I was nice to her and respectful of our space. I didn’t try to be her friend or invite her to parties. But I was kind to her friends and let her use my refrigerator and offered help when it was convenient or relevant. Eventually she and I genuinely got along swimmingly. I forgot she made me feel unwelcome and she forgot to make me feel unwelcome. The kindness ended up killing the animosity.
Being nice doesn’t cost you anything, doesn’t make you look bad, and doesn’t make life harder. Making the effort to mind your manners is not only basic decency but also the finishing touch you need to make your personality the kind that people are fond of.

So can you trick people into liking you?

Making a habit of all five of these things will guarantee more people will like you. Unfortunately these are not tricks. These are just things that people should do and other people will respond to.
You can fake them for a time, but eventually you’ll either grow to be a more likable person or your true colors will shine through and you’ll get a lot of side-eye and hear a lot of whispered conversations.
P.S.: Sorry if this headline tricked you into clicking. TLDR: some things don’t come naturally but you if you try them you might like the results.

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5 Apocalyptic Lessons From Halo: Reach

Halo: Reach, the final installment-prequel in the Halo series by Bungie, chronicled the initial invasion and downfall of the human race on the planet Reach to the Covenant.

The planet Reach is humanity’s last line of defense between the encroaching Covenant and their ultimate goal, the destruction of Earth. If it falls, humanity will be pushed to the brink of destruction.
source

Known for it’s fairly short campaign mode and extensive multiplayer offerings, Halo: Reach is a perfect way to learn a few apocalypse life lessons. Continue reading “5 Apocalyptic Lessons From Halo: Reach”

Post-apocalyptic communications

I’ve been having Internet problems lately. Basically, my router is rebelling and refuses to connect me to my addiction the interwebs. (The robot uprising, it is starting. Maybe.)
All of this lovely yelling at my router (in child-friendly terms, which means that my router is usually a fudge-y piece of spaghetti, occasionally the son of a blimp, and sometimes other equally ridiculous things) had me thinking about communications in the post apocalypse.
Because, you know, I depend on the Internet for communication. I mean, without the Internet, I never would’ve become friends with two women I’ve never met and have never even spoken to. And if THAT hadn’t happened, believe me when I say that the world would be a less entertaining place.
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Ask all the questions, avoid all the chaos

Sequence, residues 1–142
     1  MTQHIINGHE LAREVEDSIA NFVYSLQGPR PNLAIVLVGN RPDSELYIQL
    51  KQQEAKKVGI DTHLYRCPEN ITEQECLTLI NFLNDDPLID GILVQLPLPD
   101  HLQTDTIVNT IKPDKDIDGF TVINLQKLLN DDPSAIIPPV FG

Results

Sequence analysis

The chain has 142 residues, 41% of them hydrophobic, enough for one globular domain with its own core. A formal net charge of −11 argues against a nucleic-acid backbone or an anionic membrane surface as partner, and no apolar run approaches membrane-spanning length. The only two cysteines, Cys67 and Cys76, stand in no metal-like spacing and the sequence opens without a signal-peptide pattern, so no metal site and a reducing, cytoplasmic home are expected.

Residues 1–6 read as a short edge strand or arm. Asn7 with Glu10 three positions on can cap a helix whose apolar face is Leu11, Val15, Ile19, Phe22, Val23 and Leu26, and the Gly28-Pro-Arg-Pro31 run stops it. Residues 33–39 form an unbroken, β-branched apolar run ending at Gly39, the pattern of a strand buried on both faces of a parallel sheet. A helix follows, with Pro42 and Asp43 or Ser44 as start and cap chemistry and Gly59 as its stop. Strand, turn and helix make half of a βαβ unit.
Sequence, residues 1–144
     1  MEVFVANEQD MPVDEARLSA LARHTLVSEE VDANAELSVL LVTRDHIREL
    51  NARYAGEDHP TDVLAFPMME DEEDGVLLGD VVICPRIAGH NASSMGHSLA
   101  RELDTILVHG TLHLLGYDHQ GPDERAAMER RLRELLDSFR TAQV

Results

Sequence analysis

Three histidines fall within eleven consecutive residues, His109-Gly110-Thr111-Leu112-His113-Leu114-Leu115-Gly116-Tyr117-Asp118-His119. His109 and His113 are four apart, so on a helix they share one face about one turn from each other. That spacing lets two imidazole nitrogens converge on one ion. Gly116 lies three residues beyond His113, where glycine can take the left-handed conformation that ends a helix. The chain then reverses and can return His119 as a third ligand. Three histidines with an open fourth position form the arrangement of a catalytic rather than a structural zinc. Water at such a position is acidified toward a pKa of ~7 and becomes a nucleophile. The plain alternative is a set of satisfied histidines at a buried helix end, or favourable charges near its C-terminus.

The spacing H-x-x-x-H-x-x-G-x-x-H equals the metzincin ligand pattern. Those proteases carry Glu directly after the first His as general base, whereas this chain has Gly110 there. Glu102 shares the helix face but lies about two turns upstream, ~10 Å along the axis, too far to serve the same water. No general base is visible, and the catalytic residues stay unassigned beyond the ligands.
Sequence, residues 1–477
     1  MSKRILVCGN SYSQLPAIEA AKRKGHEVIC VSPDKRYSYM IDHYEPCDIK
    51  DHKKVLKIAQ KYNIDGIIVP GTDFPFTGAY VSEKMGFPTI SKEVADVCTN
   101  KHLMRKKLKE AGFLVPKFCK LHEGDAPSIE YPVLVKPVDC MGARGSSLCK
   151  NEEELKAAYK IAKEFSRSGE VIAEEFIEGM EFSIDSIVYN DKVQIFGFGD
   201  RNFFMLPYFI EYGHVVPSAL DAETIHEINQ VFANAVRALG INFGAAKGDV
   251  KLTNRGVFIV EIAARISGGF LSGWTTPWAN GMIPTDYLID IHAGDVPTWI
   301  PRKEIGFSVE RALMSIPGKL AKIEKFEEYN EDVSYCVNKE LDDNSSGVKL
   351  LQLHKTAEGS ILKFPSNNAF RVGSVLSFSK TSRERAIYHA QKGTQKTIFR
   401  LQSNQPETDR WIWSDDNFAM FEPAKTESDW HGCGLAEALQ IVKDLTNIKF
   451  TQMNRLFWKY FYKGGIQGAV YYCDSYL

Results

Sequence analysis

Chaotic situations are rooted in no one knowing the answers they need to to stay calm, stand still, and think about basic shit like being quite while decisions are made. To survive after the apocalypse you’ll need to limit your social chaos. How? By asking the right questions —and then having the answers and making people listen.
I’m not typically one for too much pre-planning or excessive deliberation–I’ll take as long as you give me to think about something but then end up making a spur of the moment decision anyway. However, even I realize that the simple exercise of developing a problem solving mindset that includes quickly asking the right questions and processing their answers can drastically affect the survivability of a situation.
The most basic question is usually, “What are we doing?!” or “What’s happening?!” These are valid questions that having answers to would help clam the situation down.
People might shout out other things like, “We NEED to hide!” That’s a suggestion, and a damn good one, recognize it.
Someone else might say, “We’re all gonna Diiiiie!” That’s not helpful. Shut them down quickly and with authority. They don’t deserve to talk.

With almost all situations there’s an easy way to bring order to chaos: QUESTIONS.

Continue reading “Ask all the questions, avoid all the chaos”

Maintaining a healthy relationship post-apocalypse

In most of the western world romantic love is the ideal. From day one we are told it will conquer all, that there is a specific kind of ‘true’ love that overwhelms all obstacles and ensures your safety and happiness. This is a lie. Love exists, but a happy and successful relationship post-apocalypse will need a lot more than just love.  I decided to talk about how to keep yourself- and your relationship- alive and healthy in the hellish future.
Lets talk for a bit about the sort of love we’re told to expect by the media. This love is wild, dramatic. It happens when two people who seem to really dislike each other meet in a stressful circumstance. Regardless of how incompatible they are, they fall in love, which makes it great. Because that totally works in real life. If you’ve had more than one or two relationships I shouldn’t need to tell you this is nonsense. That kind of ‘love’ rarely lasts, and is rarely healthy or supportive when it does. More to the point, if required to survive, it will get you killed.
Picture this. You are hunting for food. Just you and your lover. Awww. But you disagree on which way to go! Your hollywood-approved belligerent sexual tension means you argue, and snipe at each other over which way to go. You’re distracted- so distracted you don’t hear the threat sneaking up on you. BAM. You’re now slaves to a set of raiders. How could you have solved this? Well, several ways, but for the purposes of this post we’ll talk about the ideal Apocalypse survival relationship skills.
Continue reading “Maintaining a healthy relationship post-apocalypse”